(My personal belief, by the way, has always been that 1776 was not our nation’s birth, and that everything preceding March 4, 1789, when our new Constitutional government called itself to order in its provisional capital in New York City, was merely the pre-game show, since the previous U.S. government under the Articles of Confederation was not really of a nation made up of states, but instead merely a collection of individual nation states in their own right, each being, in a technical sense, just as sovereign as France or the Netherlands. In fact, some of these little nations were even ruled by presidents, rather than governors. In truth, what was referred to as the United States only became a nation once the country that our Constitution called for came into being, which was in the spring of 1789.)
In any event, who really thinks Donald Trump (who is probably the first American president ever, since Abe Lincoln himself, to be inaugurated without ever having learned that Lincoln was a Republican: “'Great president. Most people don’t even know he was a Republican,' Trump said while addressing attendees at the National Republican Congressional Committee Dinner. 'Does anyone know? Lot of people don’t know that' … appearing to be unaware of the fact that the GOP is commonly referred to as the 'party of Lincoln'") is the right guy to be preaching to the rest of us about the shortcomings of American education?
But still, I agree with Trump — (Quick! Could someone please gag me with a spoon?) — that we would have a hard time teaching anything about the founding of the country if we erased from our collective memory any record of any founder who owned slaves, since the knowledge of they’re having done that should serve as a great example of a major feature in our founding, that we are a nation that allows itself to correct its mistakes and improve over time, and not be dragged down to hell by realization of all the things we’ve done wrong — a realization that every American kid should be made aware of.
And only someone who refuses ever to apologize, much less admit to his mistakes, since that would be a sign of weakness, could disagree with that, nor even comprehend why the majority of Americans — that is, those who won’t end up voting for him! — actually don’t want to see their country made over in his likeness.
In fact, anyone having even vague knowledge of our founding era probably knows that many, if not most of our founders — even those who themselves owned slaves — knew slavery was evil and a trap that the country, at some point in its future, would have to extricate itself from.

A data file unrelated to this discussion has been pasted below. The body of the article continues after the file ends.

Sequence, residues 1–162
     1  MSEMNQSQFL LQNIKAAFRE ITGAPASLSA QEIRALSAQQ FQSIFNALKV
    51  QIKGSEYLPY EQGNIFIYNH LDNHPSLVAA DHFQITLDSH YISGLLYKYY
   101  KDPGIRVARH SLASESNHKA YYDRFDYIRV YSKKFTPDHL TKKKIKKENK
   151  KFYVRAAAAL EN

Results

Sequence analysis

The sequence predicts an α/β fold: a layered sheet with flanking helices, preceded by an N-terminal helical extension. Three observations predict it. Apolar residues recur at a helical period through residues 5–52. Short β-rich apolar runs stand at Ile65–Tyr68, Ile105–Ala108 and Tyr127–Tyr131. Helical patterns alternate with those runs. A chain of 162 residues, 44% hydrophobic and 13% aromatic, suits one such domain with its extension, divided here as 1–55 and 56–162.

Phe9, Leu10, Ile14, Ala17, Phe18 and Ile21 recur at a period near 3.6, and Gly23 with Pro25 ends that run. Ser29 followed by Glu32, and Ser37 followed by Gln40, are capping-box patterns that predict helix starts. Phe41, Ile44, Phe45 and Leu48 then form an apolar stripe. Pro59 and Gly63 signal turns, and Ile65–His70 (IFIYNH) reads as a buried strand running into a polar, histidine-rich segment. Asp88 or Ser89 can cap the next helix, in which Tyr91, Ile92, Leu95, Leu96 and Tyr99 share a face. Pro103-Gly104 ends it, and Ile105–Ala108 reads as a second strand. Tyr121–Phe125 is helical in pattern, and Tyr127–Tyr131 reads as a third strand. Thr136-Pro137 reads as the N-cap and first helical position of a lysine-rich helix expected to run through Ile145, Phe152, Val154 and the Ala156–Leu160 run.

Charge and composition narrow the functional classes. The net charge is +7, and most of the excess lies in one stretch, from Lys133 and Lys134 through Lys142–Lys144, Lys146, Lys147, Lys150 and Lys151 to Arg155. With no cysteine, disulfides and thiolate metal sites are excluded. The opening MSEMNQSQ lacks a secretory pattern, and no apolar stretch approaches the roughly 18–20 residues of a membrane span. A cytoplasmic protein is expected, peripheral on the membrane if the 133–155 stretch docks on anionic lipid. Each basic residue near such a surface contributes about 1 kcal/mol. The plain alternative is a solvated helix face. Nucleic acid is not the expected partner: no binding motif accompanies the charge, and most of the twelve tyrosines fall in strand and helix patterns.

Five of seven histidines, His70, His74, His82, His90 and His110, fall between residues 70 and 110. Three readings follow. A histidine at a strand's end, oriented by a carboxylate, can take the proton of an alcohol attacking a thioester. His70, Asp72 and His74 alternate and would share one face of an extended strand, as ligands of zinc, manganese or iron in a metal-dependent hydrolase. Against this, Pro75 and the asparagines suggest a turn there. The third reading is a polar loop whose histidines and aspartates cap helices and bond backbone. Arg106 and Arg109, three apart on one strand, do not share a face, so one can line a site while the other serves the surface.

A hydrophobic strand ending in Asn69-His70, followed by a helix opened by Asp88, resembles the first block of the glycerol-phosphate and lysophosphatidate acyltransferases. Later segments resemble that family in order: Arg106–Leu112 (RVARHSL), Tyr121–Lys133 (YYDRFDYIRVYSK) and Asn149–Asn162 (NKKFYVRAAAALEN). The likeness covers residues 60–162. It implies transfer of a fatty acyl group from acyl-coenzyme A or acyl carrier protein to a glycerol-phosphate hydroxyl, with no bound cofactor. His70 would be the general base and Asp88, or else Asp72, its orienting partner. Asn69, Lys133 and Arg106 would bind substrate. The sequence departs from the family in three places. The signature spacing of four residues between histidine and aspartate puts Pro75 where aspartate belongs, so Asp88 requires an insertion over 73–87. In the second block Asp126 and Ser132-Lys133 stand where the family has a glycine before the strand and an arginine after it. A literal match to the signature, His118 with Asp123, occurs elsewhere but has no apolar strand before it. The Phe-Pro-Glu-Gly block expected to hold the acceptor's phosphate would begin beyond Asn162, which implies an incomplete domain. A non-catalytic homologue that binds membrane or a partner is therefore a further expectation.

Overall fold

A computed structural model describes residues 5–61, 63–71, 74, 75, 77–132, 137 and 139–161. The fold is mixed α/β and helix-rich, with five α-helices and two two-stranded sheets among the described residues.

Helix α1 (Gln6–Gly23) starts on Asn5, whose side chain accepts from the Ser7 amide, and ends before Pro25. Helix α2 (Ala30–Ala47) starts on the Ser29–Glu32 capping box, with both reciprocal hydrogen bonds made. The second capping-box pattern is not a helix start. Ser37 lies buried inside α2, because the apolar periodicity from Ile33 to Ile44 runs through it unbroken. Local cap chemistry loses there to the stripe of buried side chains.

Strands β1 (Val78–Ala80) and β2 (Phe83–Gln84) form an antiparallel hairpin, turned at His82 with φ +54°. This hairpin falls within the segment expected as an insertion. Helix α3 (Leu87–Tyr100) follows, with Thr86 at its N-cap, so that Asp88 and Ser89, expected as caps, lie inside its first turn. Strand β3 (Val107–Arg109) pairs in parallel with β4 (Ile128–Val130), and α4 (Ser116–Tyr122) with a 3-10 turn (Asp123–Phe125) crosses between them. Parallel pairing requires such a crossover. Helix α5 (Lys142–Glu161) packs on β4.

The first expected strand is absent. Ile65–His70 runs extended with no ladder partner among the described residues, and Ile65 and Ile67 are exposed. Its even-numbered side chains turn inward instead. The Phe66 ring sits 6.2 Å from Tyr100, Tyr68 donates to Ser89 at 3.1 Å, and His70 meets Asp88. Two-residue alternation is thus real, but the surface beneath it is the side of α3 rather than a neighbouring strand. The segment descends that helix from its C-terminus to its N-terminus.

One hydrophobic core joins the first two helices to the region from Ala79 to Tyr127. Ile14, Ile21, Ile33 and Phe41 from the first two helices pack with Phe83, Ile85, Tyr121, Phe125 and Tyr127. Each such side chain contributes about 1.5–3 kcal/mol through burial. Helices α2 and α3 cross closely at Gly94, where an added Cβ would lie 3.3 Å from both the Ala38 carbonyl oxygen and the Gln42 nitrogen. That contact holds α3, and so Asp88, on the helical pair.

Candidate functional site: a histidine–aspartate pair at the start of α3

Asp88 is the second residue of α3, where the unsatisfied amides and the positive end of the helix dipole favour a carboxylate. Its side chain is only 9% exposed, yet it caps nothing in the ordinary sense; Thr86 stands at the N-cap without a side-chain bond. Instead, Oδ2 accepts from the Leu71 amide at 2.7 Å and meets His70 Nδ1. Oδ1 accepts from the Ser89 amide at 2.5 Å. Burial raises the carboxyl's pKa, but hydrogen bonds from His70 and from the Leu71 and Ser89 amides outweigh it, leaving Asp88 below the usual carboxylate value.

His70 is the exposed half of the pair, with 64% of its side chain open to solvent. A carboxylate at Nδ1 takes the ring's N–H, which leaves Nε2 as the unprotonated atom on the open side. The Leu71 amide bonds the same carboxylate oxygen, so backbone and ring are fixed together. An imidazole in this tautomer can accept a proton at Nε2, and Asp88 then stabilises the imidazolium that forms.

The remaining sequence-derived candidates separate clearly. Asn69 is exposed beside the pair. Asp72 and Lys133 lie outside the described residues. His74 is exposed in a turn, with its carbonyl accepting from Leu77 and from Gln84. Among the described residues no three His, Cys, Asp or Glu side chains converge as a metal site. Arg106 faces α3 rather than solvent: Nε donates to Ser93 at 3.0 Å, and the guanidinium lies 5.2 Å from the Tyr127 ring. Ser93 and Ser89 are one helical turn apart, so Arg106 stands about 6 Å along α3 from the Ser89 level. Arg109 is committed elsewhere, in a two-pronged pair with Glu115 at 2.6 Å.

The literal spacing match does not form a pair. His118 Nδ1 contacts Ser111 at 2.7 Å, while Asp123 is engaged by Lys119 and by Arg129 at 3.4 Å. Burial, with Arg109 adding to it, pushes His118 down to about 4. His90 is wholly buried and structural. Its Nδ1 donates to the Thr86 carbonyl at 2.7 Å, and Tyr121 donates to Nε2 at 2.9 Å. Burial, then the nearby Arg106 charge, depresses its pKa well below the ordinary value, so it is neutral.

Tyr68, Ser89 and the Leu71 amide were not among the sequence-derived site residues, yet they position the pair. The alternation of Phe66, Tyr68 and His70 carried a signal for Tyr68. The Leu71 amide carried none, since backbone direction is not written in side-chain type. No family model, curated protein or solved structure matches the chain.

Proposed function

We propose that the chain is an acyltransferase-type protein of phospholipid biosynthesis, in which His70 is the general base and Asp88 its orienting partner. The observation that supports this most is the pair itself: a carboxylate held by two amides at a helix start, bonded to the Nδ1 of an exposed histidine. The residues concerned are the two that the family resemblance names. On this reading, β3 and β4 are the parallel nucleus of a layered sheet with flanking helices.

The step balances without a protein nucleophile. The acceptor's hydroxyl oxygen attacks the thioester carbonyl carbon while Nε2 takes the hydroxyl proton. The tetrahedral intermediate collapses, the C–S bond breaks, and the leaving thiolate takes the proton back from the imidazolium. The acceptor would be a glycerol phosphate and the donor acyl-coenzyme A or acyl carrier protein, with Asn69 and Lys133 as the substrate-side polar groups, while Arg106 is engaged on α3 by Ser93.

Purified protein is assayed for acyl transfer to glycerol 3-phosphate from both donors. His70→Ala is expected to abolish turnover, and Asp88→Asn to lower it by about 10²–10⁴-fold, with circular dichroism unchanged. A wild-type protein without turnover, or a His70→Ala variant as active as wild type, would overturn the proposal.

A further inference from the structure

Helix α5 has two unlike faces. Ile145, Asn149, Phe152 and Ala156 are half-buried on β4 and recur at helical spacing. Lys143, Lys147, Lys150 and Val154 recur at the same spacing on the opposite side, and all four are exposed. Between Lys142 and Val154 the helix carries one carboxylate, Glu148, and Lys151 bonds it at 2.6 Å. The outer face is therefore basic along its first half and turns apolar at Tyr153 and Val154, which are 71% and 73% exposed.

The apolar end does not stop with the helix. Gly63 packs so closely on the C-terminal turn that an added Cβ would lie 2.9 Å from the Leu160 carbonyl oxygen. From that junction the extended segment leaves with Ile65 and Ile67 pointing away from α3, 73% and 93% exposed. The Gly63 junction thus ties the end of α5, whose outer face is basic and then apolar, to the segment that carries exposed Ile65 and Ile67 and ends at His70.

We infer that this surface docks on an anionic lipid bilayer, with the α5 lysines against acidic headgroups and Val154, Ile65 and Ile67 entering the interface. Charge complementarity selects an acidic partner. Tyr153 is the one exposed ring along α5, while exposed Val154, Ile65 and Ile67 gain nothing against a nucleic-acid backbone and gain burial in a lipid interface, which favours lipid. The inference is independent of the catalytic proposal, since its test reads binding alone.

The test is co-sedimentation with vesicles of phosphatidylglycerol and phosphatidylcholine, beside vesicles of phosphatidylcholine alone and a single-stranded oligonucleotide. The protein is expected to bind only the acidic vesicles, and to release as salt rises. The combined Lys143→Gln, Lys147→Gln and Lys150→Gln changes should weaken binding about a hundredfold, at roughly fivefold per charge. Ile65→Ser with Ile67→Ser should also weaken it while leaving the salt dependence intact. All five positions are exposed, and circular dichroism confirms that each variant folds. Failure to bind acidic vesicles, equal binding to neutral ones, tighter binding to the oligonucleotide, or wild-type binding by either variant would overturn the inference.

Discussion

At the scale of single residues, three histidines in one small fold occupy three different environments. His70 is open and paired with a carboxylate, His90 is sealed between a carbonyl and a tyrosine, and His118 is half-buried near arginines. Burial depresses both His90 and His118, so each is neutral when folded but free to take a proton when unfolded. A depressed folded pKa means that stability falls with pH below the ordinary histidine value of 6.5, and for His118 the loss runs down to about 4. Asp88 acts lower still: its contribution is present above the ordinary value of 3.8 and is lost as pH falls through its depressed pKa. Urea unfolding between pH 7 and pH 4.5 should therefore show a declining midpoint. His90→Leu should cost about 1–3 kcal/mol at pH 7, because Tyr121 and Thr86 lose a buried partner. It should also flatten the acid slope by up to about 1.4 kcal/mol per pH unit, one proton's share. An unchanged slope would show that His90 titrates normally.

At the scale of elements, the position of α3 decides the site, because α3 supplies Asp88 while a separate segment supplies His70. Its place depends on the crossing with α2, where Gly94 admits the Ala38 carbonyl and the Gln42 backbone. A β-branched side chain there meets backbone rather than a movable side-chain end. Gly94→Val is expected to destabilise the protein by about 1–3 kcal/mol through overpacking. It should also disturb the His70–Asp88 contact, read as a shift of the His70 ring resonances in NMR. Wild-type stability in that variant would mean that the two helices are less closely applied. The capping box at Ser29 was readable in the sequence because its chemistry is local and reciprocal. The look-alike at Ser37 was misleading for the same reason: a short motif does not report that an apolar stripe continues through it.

But Confederate generals and whatnot? Forget it!
Rather than being American heroes, those people were the kind of folk we traditionally teach our children not to be — turncoat traitors who killed Americans, and who also happened to be fighting for the perpetuation of a right of humans to own other humans. These people contributed no more good to our story than Benedict Arnold did. All Americans and their children need to know that we don’t celebrate American traitors and villains.
And don’t forget, we’re talking here about a guy who confessed to Bob Woodward that he gets along better with autocratic leaders than with democratic ones:
"It's funny, the relationships I have, the tougher and meaner they are, the better I get along with them. … But maybe it's not a bad thing. The easy ones I maybe don't like as much or don't get along with as much.”
He can’t seem to understand why, but he prefers the company of jerks like himself, and doesn’t so much like our American allies. This is an American president who doesn’t really understand his job, nor does he even understand his own country. Why would any democracy want to grant any such chief executive jurisdiction over the education of its children?
On the other hand, to be fair, there may be legitimate reasons to beware of Joe Biden, who very possibly could be much much worse than Trump!
And besides, this Biden guy is in his goddam seventies! What do we do if he dies?
Unlike his opponent, of course, who comes with a built-in advantage in that, if he were to die, nobody would panic.